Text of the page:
Barbara van Schewick's blog

Gov. Jerry Brown Signs SB 822, Restoring Net Neutrality to California

On Sunday, Governor Jerry Brown signed into law Senator Scott Wiener’s SB 822, the first state-level law that comprehensively restores all of the net neutrality protections of the 2015 Open Internet Order.
Here’s my statement:
“Today was a historic moment in the battle to bring back net neutrality in the United States. SB 822 comprehensively restores to California all of the net neutrality protections from the 2015 Open Internet Order that the FCC repealed in 2017. 

Failing the Real Test: SB 822 No Longer Restores All the Lost Net Neutrality Protections

On June 20, SB 822 had its first committee hearing in the California Assembly. The bill, authored by Senator Scott Wiener, sought to bring back net neutrality to California and restore all of the important protections that the FCC voted to eliminate in December. It was widely viewed as a net neutrality model bill that would set the standard for other states. But instead of passing the bill, the committee adopted amendments that effectively gutted it, removing critical protections at a time when they are more important than ever. 

FCC’s rushed, technically flawed decision will harm the economy

Today the FCC Commissioners voted 3-2 to eliminate longstanding net neutrality protections, reclassify internet service providers as ‘information services’ under Title I of the Communications Act, and ban states from enacting their own net neutrality protections.  

Here is my statement:

"Today’s FCC vote eliminates all net neutrality protections without a replacement.

T-Mobile's Binge On Violates Key Net Neutrality Principles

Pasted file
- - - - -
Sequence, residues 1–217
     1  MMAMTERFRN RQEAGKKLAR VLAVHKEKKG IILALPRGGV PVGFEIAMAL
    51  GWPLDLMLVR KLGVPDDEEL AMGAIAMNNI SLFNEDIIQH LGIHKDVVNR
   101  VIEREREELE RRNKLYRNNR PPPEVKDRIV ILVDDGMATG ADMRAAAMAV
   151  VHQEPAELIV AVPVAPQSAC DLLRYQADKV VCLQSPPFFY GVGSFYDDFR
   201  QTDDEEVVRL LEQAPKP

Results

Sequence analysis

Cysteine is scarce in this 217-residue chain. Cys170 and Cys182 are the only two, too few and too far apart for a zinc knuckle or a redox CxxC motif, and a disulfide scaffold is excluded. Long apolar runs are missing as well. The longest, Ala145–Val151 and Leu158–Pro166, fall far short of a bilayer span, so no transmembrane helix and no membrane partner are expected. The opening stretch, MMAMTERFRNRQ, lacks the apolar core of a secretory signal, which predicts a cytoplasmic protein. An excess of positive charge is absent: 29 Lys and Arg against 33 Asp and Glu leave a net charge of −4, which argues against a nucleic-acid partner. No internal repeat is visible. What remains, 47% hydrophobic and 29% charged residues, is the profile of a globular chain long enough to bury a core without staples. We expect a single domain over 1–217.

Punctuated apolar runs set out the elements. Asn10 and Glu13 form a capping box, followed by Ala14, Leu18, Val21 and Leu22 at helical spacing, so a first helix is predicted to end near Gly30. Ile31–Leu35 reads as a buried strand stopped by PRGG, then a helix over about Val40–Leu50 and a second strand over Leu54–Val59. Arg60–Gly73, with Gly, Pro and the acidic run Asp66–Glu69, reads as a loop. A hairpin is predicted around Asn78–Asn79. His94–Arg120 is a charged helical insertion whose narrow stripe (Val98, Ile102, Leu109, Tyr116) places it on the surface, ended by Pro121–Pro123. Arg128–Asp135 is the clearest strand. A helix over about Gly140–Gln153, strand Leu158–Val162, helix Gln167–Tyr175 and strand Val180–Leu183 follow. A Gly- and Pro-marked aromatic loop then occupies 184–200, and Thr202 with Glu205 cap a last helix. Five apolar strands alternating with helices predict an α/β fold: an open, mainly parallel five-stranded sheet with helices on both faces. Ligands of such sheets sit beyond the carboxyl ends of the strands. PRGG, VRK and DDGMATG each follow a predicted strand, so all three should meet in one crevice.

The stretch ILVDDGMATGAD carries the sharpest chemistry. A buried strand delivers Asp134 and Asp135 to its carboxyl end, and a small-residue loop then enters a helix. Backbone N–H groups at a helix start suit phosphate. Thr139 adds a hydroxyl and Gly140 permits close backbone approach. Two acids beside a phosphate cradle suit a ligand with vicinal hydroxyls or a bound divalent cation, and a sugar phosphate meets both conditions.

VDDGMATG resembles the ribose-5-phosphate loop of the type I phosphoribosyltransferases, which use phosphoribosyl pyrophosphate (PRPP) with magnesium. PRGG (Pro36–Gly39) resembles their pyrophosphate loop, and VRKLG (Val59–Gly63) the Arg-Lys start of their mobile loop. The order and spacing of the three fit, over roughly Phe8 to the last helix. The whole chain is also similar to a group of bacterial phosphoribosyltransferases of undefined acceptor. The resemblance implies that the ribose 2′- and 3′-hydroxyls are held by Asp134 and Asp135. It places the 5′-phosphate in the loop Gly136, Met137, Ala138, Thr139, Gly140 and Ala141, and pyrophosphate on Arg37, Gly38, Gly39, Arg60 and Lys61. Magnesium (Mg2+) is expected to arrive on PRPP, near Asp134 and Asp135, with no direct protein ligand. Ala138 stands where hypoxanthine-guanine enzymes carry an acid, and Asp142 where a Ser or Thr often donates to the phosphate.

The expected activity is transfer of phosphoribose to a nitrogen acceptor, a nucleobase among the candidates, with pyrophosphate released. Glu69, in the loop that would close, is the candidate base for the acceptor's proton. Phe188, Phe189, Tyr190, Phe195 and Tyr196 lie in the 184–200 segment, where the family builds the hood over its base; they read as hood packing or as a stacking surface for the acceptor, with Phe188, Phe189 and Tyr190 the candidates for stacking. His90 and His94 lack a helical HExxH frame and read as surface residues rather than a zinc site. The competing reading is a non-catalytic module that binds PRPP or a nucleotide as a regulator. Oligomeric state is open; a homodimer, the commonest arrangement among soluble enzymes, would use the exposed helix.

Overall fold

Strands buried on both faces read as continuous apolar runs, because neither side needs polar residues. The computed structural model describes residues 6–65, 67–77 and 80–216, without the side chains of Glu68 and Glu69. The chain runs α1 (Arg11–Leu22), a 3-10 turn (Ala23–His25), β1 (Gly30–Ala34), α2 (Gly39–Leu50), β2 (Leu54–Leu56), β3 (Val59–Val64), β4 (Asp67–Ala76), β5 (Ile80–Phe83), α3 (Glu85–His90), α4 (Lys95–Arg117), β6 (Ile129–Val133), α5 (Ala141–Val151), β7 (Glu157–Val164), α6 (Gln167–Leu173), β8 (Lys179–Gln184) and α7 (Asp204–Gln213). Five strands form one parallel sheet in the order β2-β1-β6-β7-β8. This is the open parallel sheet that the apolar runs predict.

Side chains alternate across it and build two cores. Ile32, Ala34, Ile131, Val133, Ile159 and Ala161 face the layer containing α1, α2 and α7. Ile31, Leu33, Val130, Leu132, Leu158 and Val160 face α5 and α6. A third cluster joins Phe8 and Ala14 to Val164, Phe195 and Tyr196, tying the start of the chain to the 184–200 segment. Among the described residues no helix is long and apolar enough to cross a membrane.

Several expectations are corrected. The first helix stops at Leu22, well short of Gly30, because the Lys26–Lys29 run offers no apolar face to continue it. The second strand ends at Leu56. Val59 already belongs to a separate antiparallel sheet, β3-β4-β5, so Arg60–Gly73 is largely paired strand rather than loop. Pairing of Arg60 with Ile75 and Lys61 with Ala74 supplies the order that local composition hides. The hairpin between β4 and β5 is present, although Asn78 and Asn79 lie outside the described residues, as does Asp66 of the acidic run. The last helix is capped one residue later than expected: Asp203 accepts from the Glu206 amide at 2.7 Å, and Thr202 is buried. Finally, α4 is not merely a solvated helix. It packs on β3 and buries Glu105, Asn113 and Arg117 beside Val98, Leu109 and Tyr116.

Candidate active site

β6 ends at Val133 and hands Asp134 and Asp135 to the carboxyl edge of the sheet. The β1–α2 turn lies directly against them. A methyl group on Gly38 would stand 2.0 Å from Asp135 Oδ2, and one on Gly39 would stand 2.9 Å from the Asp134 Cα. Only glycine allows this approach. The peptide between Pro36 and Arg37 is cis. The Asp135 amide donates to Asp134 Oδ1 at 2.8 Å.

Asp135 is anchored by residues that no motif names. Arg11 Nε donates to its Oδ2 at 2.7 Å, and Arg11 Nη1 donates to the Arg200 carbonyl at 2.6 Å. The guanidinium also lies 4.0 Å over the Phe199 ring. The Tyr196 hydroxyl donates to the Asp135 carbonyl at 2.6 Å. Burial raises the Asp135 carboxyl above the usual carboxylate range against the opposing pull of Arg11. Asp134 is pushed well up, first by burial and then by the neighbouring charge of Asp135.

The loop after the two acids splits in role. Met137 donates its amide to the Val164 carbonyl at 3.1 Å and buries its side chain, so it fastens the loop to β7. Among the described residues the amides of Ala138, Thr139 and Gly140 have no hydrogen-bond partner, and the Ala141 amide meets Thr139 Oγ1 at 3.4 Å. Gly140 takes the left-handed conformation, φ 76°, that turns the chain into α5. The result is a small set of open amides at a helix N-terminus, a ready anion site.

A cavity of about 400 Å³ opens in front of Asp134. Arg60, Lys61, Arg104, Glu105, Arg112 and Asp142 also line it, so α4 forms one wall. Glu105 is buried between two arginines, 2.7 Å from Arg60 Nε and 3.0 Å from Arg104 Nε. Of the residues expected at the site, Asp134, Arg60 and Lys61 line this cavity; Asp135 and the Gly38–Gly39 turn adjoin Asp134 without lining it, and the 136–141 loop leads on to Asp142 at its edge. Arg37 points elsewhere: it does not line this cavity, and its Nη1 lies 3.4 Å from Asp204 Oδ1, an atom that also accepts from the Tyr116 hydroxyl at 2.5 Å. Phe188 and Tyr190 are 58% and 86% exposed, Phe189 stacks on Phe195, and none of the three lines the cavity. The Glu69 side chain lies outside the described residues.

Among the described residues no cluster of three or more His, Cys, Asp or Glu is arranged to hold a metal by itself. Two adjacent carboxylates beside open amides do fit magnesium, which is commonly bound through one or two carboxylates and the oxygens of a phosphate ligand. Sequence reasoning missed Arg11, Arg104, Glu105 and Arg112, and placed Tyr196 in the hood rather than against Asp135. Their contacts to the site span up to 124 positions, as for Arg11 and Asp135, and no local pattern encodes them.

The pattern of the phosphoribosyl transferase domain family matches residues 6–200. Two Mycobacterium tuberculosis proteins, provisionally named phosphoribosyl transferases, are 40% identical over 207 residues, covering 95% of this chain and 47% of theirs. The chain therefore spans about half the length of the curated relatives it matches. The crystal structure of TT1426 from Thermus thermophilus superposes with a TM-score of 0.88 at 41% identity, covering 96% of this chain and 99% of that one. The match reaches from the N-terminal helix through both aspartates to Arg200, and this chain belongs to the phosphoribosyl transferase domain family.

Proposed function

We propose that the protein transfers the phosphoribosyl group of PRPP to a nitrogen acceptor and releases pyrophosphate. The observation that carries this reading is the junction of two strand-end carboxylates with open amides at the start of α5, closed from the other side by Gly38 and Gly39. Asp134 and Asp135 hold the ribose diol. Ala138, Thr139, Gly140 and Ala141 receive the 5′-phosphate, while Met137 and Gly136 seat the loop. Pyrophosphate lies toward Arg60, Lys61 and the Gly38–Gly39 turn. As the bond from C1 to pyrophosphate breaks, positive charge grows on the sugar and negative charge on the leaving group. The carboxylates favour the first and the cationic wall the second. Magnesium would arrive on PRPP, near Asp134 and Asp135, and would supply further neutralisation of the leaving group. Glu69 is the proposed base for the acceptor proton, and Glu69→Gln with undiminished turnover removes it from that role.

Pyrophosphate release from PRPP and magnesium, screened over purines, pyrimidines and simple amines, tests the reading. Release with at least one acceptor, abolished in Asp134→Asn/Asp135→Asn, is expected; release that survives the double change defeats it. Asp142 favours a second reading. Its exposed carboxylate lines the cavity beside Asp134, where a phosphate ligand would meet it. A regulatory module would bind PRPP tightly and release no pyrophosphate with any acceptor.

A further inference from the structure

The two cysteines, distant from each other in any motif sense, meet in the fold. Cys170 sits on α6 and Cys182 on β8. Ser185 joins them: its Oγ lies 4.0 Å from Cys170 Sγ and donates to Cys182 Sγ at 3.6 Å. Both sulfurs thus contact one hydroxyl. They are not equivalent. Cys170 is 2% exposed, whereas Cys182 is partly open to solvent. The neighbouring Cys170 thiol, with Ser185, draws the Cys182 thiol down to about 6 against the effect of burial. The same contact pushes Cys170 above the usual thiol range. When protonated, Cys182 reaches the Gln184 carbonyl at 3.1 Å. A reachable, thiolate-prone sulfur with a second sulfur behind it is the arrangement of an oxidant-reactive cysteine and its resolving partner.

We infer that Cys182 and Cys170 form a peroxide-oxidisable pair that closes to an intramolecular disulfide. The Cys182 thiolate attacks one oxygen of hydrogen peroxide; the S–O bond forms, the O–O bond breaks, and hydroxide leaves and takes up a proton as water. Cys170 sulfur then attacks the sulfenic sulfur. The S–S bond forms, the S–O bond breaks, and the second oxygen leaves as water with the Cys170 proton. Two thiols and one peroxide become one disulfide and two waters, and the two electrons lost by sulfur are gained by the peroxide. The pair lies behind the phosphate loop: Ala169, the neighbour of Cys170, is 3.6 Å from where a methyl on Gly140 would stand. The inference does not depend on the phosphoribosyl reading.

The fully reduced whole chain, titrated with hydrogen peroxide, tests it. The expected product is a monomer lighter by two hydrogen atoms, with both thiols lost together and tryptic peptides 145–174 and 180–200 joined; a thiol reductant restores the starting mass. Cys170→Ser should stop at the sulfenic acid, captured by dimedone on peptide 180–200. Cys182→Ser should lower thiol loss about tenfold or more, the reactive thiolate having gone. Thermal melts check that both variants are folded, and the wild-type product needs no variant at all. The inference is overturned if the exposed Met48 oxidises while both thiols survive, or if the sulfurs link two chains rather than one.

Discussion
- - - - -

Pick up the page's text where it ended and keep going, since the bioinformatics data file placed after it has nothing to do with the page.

In November 2015, T-Mobile, the nation’s third largest provider of mobile Internet access, launched a new service called Binge On that offers “unlimited” video streaming. T-Mobile customers on qualifying plans can stream video from the 42 providers currently in the program – Netflix, Hulu, HBO, Amazon Video, and others – without using their data plans, a practice known as zero-rating.

What to look for in this week's network neutrality announcement

This week, FCC Chairman Tom Wheeler will circulate a draft of the Open Internet rules to his fellow Commissioners. According to news reports, the Chairman will propose to reclassify Internet access as a “telecommunications service” and adopt network neutrality rules under Title II of the Communications Act. If that is true, this is excellent news and a vital step in the right direction. After the D.C. Circuit’s decision last January, this is the only way to adopt meaningful network neutrality rules that will be upheld in court. The FCC will vote on the proposal on February 26th.

Seven Reasons the New GOP Bill Will Not Give Us Net Neutrality

After a year of debates on network neutrality, the GOP has finally joined the party. Through a draft bill released this month and congressional hearings last week, Republicans have taken a step in the direction of supporting network neutrality. That’s a good thing, and moves them closer to the existing consensus. Roughly four million Americans submitted comments to the Federal Communications Commission (FCC) calling for real network neutrality last year, and polls show that both Republicans and Democrats overwhelmingly support a ban on fast lanes.


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